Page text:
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Illustration: Sarah Grillo/Axios

With the flourish of a significant concession, China said today that it will punish companies and individuals who steal intellectual property, a primary U.S. complaint. But China hands are skeptical.

"What they’ve done in the past is fail to enforce or, when they have to enforce, find somebody they don’t like, blame them, and then say to the Americans, 'See?'"
— Jim Lewis of the Center for Strategic and International Studies

The backdrop: Over the years, China has routinely batted away allegations of government-backed IP theft as hearsay, even when among the things stolen were plans for the F-35 fighter jet and a supersonic U.S. undersea missile.

The Xi-Obama agreement was good as far as it went, but it did not go far enough, says Samm Sacks, a cyber policy fellow at New America, a think tank.

  • One major omission: The deal omitted a separate issue — forced technology transfers through which Beijing compels U.S. companies to share secrets with Chinese partners in order to gain access to China's massive market.
  • Sacks expresses doubts that the transfers will stop.
  • "I have not seen any indication from the Chinese side that this is an issue that they have any plans to address," Sacks says.

Go deeper: Why Chinese theft of U.S. tech is hard to stop

Go deeper

31 mins ago - Politics & Policy

Democrats propose raising debt ceiling through midterms

Speaker of the House Nancy Pelosi and Senate Majority Leader Chuck Schumer. Photo: Stefani Reynolds/Bloomberg via Getty Images

House and Senate leadership announced on Monday that they plan to attach a proposal to raise the debt ceiling through Dec. 2022 to a short-term, government funding bill. The bill must pass before the end of the month or Congress risks a shutdown.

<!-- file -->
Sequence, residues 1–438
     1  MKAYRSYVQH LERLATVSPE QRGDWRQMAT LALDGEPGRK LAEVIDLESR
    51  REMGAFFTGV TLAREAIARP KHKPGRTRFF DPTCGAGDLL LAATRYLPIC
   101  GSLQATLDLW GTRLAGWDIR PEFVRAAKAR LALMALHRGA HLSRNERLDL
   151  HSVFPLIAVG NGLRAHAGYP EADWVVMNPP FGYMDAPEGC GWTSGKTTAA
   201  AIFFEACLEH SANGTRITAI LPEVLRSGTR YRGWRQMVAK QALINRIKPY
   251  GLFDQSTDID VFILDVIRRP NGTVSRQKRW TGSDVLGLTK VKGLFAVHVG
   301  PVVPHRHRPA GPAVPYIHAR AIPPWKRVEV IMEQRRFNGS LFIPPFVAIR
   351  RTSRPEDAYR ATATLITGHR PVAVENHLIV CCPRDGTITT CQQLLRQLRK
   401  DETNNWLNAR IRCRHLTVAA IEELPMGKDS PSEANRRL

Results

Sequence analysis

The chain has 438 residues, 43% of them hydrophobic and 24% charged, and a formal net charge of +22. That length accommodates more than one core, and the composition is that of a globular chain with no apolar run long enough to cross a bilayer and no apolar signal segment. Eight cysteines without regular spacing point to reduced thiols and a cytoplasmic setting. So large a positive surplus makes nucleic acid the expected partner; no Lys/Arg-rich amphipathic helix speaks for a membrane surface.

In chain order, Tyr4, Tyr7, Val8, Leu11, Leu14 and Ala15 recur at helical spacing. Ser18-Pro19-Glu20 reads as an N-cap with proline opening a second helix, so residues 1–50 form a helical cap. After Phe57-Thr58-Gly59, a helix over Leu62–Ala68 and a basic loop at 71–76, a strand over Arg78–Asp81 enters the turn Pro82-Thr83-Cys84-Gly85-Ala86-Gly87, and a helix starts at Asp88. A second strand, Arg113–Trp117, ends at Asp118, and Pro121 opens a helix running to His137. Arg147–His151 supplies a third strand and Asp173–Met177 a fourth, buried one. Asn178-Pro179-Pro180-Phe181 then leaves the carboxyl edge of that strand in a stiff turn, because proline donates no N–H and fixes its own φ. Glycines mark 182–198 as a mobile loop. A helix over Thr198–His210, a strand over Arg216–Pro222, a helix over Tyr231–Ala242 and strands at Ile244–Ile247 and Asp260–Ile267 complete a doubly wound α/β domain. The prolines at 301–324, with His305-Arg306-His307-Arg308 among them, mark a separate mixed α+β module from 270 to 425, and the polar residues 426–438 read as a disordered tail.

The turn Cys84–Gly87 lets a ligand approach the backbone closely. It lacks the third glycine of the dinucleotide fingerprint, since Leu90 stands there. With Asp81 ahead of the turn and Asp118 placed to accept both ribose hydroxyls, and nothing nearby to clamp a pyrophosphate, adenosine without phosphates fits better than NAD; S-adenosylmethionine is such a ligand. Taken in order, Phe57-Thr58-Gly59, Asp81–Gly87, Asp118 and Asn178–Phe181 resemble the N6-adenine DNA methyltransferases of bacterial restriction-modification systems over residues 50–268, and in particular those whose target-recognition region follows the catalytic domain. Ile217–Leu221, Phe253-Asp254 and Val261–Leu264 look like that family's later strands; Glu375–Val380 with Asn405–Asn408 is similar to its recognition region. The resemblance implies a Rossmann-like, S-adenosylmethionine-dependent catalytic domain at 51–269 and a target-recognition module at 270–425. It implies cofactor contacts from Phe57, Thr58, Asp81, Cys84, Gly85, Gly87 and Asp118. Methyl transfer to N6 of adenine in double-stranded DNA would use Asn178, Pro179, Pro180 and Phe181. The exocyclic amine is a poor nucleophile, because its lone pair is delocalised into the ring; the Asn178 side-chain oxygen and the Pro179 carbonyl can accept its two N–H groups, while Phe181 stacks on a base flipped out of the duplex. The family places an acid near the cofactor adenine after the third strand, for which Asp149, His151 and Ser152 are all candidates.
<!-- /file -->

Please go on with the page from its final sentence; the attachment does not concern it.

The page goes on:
Why it matters: Democrats are taking a huge risk by trying to force through an increase of the debt limit in its must-pass funding bill. The move is wishful thinking on behalf of Democrats who are hoping they can get at least 10 centrist Republicans to balk, as well as an effort to put Republicans on record opposing it.

Biden to stress U.S. does not seek new Cold War in UN speech

Photo: Al Drago/Getty Images

President Biden will use his first address before the UN General Assembly to lay out his vision for an era of "intensive diplomacy" with allies and "vigorous competition" with great powers — without a Cold War with China.

Why it matters: Biden will take the podium in New York on Tuesday with his own international credibility in question after the chaotic withdrawal from Afghanistan. His administration also is struggling to build international momentum to fight climate change, the pandemic and rising global authoritarianism.

6 hours ago - Health

Biden administration to lift travel ban for fully vaccinated international travelers

Photo: Win McNamee/Getty Images

White House COVID-19 response coordinator Jeff Zients announced on Monday that the Biden administration will allow fully vaccinated travelers from around the world to enter the U.S. beginning in November.

Why it matters: The announcement comes as President Biden seeks commitments from countries to donate vaccines to the global COVAX initiative. He is expected to host a COVID summit on the sidelines of the UN General Assembly this week, and many of the countries attending have expressed frustration with the travel ban.